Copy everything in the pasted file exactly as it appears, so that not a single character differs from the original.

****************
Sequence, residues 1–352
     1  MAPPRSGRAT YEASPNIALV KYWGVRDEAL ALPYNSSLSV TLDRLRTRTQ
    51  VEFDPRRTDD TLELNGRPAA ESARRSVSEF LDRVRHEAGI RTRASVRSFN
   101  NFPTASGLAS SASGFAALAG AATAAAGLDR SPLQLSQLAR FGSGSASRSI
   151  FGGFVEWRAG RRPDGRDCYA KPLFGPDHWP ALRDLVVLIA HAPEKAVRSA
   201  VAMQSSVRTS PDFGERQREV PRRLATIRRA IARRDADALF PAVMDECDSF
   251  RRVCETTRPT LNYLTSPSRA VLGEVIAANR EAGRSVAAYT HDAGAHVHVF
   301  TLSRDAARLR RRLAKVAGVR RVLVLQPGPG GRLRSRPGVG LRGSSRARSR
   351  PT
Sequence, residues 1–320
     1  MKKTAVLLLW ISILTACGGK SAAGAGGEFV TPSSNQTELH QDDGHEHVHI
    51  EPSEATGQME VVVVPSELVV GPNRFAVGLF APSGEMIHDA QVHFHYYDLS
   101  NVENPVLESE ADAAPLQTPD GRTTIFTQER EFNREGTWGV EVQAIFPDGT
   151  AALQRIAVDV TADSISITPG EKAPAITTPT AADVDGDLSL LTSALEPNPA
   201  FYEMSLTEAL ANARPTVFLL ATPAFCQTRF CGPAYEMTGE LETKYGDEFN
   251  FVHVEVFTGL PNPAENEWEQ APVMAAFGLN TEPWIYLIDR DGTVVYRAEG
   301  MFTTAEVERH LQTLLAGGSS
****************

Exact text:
Sequence, residues 1–352
     1  MAPPRSGRAT YEASPNIALV KYWGVRDEAL ALPYNSSLSV TLDRLRTRTQ
    51  VEFDPRRTDD TLELNGRPAA ESARRSVSEF LDRVRHEAGI RTRASVRSFN
   101  NFPTASGLAS SASGFAALAG AATAAAGLDR SPLQLSQLAR FGSGSASRSI
   151  FGGFVEWRAG RRPDGRDCYA KPLFGPDHWP ALRDLVVLIA HAPEKAVRSA
   201  VAMQSSVRTS PDFGERQREV PRRLATIRRA IARRDADALF PAVMDECDSF
   251  RRVCETTRPT LNYLTSPSRA VLGEVIAANR EAGRSVAAYT HDAGAHVHVF
   301  TLSRDAARLR RRLAKVAGVR RVLVLQPGPG GRLRSRPGVG LRGSSRARSR
   351  PT
Sequence, residues 1–320
     1  MKKTAVLLLW ISILTACGGK SAAGAGGEFV TPSSNQTELH QDDGHEHVHI
    51  EPSEATGQME VVVVPSELVV GPNRFAVGLF APSGEMIHDA QVHFHYYDLS
   101  NVENPVLESE ADAAPLQTPD GRTTIFTQER EFNREGTWGV EVQAIFPDGT
   151  AALQRIAVDV TADSISITPG EKAPAITTPT AADVDGDLSL LTSALEPNPA
   201  FYEMSLTEAL ANARPTVFLL ATPAFCQTRF CGPAYEMTGE LETKYGDEFN
   251  FVHVEVFTGL PNPAENEWEQ APVMAAFGLN TEPWIYLIDR DGTVVYRAEG
   301  MFTTAEVERH LQTLLAGGSS